Jacqueline Akins, a graduate student in the Department of Geography, researches the relationship between effective lake coastal management and property values in Wisconsin. Akins will conduct her study using geographic information systems (GIS) with the goal of helping Great Lakes coastal managers and community members better understand how housing development impacts the land.
With the Great Lakes supplying more than 21% of the world's freshwater, the topic of coastal development and coastal management remains a timely point of discussion for the states that border the lakes. Coastal development is the human-induced change of landscape while coastal management is the effort to protect shoreline land from erosion. To see how these developments affect the housing market, Akins focuses her attention on Wisconsin, a state with 15 counties bordering the Great Lakes.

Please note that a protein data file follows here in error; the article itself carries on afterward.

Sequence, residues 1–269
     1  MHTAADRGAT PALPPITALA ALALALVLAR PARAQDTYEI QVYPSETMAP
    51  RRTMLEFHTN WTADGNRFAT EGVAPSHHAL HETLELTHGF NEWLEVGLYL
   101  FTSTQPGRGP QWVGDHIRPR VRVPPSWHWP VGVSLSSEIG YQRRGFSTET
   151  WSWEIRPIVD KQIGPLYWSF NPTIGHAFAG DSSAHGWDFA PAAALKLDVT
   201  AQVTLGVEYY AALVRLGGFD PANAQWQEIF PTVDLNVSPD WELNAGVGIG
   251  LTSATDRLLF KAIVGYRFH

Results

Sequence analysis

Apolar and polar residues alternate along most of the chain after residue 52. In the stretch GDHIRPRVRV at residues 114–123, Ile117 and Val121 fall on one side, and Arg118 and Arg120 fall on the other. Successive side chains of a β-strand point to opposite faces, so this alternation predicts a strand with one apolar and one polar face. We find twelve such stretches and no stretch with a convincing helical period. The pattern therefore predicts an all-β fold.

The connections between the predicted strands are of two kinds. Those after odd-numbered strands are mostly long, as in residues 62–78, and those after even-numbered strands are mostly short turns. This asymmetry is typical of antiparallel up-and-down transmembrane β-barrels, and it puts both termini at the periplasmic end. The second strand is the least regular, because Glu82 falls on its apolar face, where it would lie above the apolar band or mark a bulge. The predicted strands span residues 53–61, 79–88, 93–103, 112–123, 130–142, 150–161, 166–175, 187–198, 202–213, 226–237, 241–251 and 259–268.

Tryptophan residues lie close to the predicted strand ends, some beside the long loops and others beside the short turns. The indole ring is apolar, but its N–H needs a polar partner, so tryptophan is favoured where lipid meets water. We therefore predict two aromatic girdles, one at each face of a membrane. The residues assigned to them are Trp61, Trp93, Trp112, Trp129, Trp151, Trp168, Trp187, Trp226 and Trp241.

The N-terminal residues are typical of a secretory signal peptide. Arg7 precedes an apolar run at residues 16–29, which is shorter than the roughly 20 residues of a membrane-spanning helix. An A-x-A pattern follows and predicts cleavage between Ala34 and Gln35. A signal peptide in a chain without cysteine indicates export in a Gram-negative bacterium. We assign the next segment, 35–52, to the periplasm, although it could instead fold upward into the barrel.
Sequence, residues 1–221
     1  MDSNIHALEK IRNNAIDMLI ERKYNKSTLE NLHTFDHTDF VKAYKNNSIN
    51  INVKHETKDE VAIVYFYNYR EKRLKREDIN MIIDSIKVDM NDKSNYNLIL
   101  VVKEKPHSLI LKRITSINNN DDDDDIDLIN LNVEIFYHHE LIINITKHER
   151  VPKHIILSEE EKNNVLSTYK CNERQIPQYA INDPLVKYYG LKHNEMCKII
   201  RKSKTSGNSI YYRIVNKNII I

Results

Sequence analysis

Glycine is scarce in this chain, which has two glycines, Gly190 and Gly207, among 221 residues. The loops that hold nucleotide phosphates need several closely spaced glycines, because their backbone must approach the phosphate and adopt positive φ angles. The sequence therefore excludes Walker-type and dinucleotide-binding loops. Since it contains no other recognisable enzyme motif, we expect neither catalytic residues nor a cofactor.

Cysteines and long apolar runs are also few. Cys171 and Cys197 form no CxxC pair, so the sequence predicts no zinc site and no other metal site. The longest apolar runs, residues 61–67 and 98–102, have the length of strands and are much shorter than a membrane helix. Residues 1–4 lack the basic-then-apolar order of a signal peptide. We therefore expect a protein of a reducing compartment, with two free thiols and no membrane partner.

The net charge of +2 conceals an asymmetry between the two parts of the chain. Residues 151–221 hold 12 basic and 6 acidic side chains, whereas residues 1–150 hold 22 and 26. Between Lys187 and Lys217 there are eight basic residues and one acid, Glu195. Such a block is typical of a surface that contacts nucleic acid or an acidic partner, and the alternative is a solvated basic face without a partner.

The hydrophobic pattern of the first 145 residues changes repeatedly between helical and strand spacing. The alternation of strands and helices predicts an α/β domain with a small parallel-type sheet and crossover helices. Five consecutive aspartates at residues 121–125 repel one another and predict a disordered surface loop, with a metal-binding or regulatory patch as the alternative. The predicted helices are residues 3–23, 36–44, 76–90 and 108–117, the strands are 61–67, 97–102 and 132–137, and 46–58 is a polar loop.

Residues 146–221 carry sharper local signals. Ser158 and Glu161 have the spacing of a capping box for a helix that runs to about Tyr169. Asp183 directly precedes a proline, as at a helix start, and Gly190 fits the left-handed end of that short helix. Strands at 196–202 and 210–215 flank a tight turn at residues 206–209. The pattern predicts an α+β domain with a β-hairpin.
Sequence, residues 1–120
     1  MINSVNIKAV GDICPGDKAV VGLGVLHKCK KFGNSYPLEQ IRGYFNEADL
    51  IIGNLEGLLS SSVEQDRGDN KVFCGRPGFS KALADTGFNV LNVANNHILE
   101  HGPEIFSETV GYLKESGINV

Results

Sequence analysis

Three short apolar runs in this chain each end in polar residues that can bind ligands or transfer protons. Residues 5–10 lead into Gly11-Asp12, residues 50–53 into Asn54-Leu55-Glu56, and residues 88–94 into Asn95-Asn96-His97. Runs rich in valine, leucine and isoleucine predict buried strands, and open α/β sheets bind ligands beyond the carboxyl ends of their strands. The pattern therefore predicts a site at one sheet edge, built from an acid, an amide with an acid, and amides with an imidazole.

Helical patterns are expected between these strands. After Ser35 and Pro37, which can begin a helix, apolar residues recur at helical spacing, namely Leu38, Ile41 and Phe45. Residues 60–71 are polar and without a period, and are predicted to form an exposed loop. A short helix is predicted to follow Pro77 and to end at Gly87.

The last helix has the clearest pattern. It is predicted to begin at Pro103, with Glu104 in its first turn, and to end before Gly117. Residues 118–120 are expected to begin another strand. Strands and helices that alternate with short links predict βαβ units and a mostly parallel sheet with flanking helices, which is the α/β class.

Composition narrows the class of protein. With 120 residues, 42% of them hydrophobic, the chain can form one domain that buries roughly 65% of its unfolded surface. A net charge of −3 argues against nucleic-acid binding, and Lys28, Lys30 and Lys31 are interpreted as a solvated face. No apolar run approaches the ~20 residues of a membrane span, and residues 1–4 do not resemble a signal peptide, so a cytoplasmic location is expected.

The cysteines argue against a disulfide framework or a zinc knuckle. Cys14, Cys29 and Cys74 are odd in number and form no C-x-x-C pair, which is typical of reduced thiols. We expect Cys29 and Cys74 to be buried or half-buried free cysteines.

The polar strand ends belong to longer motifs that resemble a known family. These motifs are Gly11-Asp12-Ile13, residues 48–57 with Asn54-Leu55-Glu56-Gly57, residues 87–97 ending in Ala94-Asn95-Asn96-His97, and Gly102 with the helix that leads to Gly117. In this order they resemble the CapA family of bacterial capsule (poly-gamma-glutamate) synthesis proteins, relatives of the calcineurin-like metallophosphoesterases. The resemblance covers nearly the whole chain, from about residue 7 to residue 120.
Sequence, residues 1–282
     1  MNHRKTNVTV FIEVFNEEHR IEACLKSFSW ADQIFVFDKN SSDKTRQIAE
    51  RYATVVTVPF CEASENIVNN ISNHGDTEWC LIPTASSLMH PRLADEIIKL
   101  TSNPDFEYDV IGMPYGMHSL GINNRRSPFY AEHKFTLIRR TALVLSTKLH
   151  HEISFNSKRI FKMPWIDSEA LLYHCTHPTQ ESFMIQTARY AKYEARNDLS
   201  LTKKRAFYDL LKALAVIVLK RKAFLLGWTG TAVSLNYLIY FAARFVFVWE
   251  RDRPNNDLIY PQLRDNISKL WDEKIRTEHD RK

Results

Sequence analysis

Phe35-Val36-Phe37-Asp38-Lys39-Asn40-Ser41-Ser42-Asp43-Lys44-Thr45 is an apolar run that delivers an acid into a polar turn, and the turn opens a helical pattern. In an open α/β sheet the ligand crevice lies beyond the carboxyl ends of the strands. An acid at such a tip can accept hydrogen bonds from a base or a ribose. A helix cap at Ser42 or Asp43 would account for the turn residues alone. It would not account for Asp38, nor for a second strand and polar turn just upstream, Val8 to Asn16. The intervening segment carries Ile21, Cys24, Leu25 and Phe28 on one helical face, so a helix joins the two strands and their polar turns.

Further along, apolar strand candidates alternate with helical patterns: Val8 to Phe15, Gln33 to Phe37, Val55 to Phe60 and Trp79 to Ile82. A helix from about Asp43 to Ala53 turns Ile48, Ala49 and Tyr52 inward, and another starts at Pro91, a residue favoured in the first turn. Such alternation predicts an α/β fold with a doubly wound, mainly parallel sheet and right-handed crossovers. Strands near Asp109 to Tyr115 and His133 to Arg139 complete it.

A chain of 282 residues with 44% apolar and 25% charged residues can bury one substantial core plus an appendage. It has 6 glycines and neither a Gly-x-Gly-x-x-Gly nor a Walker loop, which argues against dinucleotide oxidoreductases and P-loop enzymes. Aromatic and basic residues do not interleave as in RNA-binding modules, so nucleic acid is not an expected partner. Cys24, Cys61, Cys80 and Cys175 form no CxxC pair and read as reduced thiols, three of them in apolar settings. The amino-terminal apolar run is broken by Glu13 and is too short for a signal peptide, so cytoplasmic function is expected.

Using ArcGIS Pro, a mapping system that gathers data such as property type, size, and monetary value, Akins will analyze the relationship between effective lake coastal management and property values in Wisconsin. Through her research, Akins hopes to highlight the beneficial capabilities of GIS, noting, “GIS is the perfect tool to display how we (humans and other living beings) connect with the Earth.”
Since she could remember, Akins has been fascinated with all aspects of Earth and space. Her mother and grandmother continue to inspire her to pursue higher education through hard work and perseverance. Upon starting at CMU as a meteorology major, Akins soon found her passion for GIS and switched academic directions, sharing, “I love Earth and I love helping people. I knew GIS was the best way to go and a perfect career.”
Post-graduation, Akins hopes to use her passion for GIS to work in coastal management or severe weather events. Beyond Earth, she dreams of using GIS for space exploration at NASA.
For more information about Akins and her academic journey visit Grand Central Magazine: http://gcmag.org/people-of-central-jacqueline-akins/
At CMU We Do Research, We Do Real World
Story by ORGS intern Hailey Nelson